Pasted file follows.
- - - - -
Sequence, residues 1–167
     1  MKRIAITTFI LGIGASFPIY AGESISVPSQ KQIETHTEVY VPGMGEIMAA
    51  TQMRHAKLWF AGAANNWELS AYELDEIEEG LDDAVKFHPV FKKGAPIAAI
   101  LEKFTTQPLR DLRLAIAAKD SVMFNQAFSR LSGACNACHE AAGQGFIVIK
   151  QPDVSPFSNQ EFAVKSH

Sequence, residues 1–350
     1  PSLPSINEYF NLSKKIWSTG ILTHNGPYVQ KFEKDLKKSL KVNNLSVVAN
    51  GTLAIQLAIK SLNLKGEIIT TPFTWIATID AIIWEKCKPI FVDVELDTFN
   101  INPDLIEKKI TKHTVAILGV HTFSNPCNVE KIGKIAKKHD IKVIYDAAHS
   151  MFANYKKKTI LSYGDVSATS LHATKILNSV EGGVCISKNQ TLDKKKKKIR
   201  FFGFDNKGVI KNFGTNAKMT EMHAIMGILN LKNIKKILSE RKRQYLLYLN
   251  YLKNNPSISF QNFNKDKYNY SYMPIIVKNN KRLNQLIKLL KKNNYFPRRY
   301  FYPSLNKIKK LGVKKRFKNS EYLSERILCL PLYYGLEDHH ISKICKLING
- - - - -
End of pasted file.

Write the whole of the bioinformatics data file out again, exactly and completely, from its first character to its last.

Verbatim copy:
Sequence, residues 1–167
     1  MKRIAITTFI LGIGASFPIY AGESISVPSQ KQIETHTEVY VPGMGEIMAA
    51  TQMRHAKLWF AGAANNWELS AYELDEIEEG LDDAVKFHPV FKKGAPIAAI
   101  LEKFTTQPLR DLRLAIAAKD SVMFNQAFSR LSGACNACHE AAGQGFIVIK
   151  QPDVSPFSNQ EFAVKSH

Sequence, residues 1–350
     1  PSLPSINEYF NLSKKIWSTG ILTHNGPYVQ KFEKDLKKSL KVNNLSVVAN
    51  GTLAIQLAIK SLNLKGEIIT TPFTWIATID AIIWEKCKPI FVDVELDTFN
   101  INPDLIEKKI TKHTVAILGV HTFSNPCNVE KIGKIAKKHD IKVIYDAAHS
   151  MFANYKKKTI LSYGDVSATS LHATKILNSV EGGVCISKNQ TLDKKKKKIR
   201  FFGFDNKGVI KNFGTNAKMT EMHAIMGILN LKNIKKILSE RKRQYLLYLN
   251  YLKNNPSISF QNFNKDKYNY SYMPIIVKNN KRLNQLIKLL KKNNYFPRRY
   301  FYPSLNKIKK LGVKKRFKNS EYLSERILCL PLYYGLEDHH ISKICKLING